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Old 03-07-2006, 10:20 AM   #1
Join Date: Mar 2006
Posts: 1
Default no experience


My wife and I would like to buy a boat and cruise around the world about 10 years later ( when we retire ) the thing is , we have no experience in sailing or boats, so I hope all you out there would help us on the way with the best advises about wich boat to buy and training....etc.

We live in Japan and I cant read Japanese, so I cant start to study here in Japan.

The boat we look for should be a " house" where we will live for many years....gas or diesel would be good, but where expensive I guess, we want to stay some places for months so we want to boat to be spacius and comfortable.

Hope to hear from you.



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Old 03-07-2006, 07:54 PM   #2
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Posts: 437


Sounds like a good plan, so don't let anyone talk you out of it.

You can definitely accomplish your goal.

Happy Hunting,


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Old 03-08-2006, 05:14 AM   #3
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Posts: 144

Since you've posted this in the sailing forum I assume you are interested in a sailing boat.

Going on this assumption, you can buy books on sailing basics in English, buy a cheap little sailboat, and teach yourself how to sail. The "point-A-to-point-B" requirements of sailing in fair weather are rather low, and if the wind is blowing onto the shore you launch from, you'll get back there one way or the other.

If there are english-speaking racers in the area, they're likely looking for crew. At the very least you can be intelligent ballast and get a feel for how big a boat you think you'll be able to handle, or be comfortable on.

For one person, 30-40' can be quite comfortable. For two people I'd say 35-40' would still be comfortable. This is relative, of course, as few boats will be anywhere near the comfort level of a land-based dwelling.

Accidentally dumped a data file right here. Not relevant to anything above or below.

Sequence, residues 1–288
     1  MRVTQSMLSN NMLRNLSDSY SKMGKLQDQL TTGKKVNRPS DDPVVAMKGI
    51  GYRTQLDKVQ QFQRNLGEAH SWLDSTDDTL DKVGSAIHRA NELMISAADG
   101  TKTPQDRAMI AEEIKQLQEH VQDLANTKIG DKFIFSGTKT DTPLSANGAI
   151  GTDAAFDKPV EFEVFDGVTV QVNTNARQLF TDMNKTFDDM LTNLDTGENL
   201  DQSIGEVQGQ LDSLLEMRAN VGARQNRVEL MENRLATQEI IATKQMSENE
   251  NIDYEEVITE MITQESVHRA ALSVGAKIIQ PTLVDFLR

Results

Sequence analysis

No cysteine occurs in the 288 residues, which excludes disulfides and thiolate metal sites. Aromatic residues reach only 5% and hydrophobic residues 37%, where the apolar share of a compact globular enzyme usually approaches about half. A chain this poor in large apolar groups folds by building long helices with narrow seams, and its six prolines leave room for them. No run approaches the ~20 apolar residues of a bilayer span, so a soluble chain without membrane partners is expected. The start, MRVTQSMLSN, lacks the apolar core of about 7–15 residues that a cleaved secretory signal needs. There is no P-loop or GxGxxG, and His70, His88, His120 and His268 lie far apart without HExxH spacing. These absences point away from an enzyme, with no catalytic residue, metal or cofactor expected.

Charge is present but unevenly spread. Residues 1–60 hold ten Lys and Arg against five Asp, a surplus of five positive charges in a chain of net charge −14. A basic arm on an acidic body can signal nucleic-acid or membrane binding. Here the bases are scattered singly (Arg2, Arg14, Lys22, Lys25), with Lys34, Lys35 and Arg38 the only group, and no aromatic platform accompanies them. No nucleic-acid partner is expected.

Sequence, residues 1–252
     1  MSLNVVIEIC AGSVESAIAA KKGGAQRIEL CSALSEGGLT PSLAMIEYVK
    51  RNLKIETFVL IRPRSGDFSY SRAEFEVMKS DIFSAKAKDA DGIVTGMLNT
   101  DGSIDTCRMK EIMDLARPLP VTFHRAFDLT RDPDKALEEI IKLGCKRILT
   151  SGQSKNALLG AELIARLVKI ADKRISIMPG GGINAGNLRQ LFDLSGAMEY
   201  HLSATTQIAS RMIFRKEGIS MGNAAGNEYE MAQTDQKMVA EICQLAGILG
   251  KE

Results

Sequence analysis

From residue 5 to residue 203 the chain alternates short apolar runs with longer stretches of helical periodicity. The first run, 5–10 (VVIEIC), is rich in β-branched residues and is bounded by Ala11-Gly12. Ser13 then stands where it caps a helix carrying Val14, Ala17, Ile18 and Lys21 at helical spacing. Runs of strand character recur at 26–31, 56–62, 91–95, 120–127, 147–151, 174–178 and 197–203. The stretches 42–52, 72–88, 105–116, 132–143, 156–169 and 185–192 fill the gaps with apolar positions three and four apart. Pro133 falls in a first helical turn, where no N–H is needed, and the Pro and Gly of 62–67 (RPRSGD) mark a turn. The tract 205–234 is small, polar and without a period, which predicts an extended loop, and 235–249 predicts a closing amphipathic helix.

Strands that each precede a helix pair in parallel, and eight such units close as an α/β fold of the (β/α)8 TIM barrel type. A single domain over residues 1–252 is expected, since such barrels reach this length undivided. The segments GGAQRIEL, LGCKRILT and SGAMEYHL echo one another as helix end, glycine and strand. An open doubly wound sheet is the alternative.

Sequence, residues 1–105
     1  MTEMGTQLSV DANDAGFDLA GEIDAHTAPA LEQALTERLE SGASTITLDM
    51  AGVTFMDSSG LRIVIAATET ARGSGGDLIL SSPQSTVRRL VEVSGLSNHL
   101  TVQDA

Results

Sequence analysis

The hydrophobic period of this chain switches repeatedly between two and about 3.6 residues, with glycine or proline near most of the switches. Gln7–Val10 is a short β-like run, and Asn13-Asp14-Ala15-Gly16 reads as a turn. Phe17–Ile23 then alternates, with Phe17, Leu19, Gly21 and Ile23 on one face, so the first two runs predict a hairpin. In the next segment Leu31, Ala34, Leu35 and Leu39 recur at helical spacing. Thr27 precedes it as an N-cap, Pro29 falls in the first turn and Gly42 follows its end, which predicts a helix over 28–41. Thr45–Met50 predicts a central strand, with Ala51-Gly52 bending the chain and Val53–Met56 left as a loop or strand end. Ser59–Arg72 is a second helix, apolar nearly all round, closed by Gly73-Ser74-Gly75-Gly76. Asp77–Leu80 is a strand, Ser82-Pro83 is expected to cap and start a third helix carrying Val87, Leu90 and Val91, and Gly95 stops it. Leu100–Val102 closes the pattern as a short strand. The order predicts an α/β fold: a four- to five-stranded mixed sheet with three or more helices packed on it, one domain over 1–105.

The boats with large open spaces that are so nice at anchor... are the last boats you'd want to make a passage in. There will be fewer places to brace yourself, fewer things to hold on to, and longer distances to fall. The exception to this rule is a multihull, and if you can find a good, comfortable blue-water catamaran in your price range, I'd recomend that over any monohull.
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Old 03-08-2006, 07:11 AM   #4
Join Date: Jan 2006
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Dear 'wannabee-san',

I second the previous comments.

Between the dream and the deed lie the doldrums ... a good time to learn.

And Bloody Mary was completely right ... 'you gotta' have a dream'.

Good luck and if you're interested in contacting a Japanese cruising friend of mine who spends 6 months in Japan and 6 month here in SE Asia, let me know at skipper@yachtvalhalla.net

Valhalla's Mooring Page https://yachtvalhalla.net
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Old 03-18-2006, 02:36 AM   #5
Join Date: Mar 2006
Posts: 1

I too have zip sailing experience, but gas prices are driving me away from my 24' 225 V6. I am retiring at 64 this Jul 06 in Hilton Head, SC. I am looking to purchase a 30-34 Ft. sailboat, pre-owned, mono or cat, that I can manage (easy-to-sail if there is such a thing ). Seeking suggestions on type of craft, best way to purchase and lessions learned. many thanks in advance
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Old 03-19-2006, 04:22 PM   #6
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Posts: 349

I know I mentioned it before in other posts but few people realise the opportunities to see if sailing really suits, if it does to learn a lot, and usually with a low financial risk - if they are happy to join the crew of a small racing yacht.

Most yacht clubs worldwide have fleets that race at least once a week. Racing is fun, and even the best skipper can't do it unless they have a crew.

If you hunt down some local yacht clubs and simply visit to let each know you may be inexperienced right now, but are willing to learn and commit to being there each week for at least one season - you'll almost certainly get a crew spot.

Age is rarely a barrier. An older skipper will usually prefer older crew, and your only costs could be a set of wet weather gear.

Supplement this plan with lots of reading, a few courses on sailing subjects, and before you know it you'll either be ready to consider buying your own yacht - or deciding sailing is not for you.

IMHO it's better doing it this way than buying a boat first - just in case you hate it!

Good luck - hope you love it - and happy sailing

Boring blog at https://www.yotblog.com/swagman
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Old 03-19-2006, 09:50 PM   #7
Join Date: Sep 2004
Posts: 33

In addition to agreeing with whats been said - I only started sailing in my forties - have learnt an incredible amount since then, and am definitely cruisin....

Get aboard a small "teach yourself" as soon a s possible.

learn to race (even if its not your ideal) it teaches you real quick...

Get all the experience you can - take bad decisions now and learn by your mistakes whilst "under supervision" and with a support crew close by.

good luck... sea you on the ocean...

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